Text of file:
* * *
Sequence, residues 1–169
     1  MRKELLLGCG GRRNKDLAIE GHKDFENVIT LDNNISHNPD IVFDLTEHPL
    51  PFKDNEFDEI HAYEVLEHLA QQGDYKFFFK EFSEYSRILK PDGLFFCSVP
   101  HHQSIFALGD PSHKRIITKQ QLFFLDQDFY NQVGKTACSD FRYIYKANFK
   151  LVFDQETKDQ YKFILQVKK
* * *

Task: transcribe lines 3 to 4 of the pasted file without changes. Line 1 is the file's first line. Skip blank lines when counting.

    51  PFKDNEFDEI HAYEVLEHLA QQGDYKFFFK EFSEYSRILK PDGLFFCSVP
   101  HHQSIFALGD PSHKRIITKQ QLFFLDQDFY NQVGKTACSD FRYIYKANFK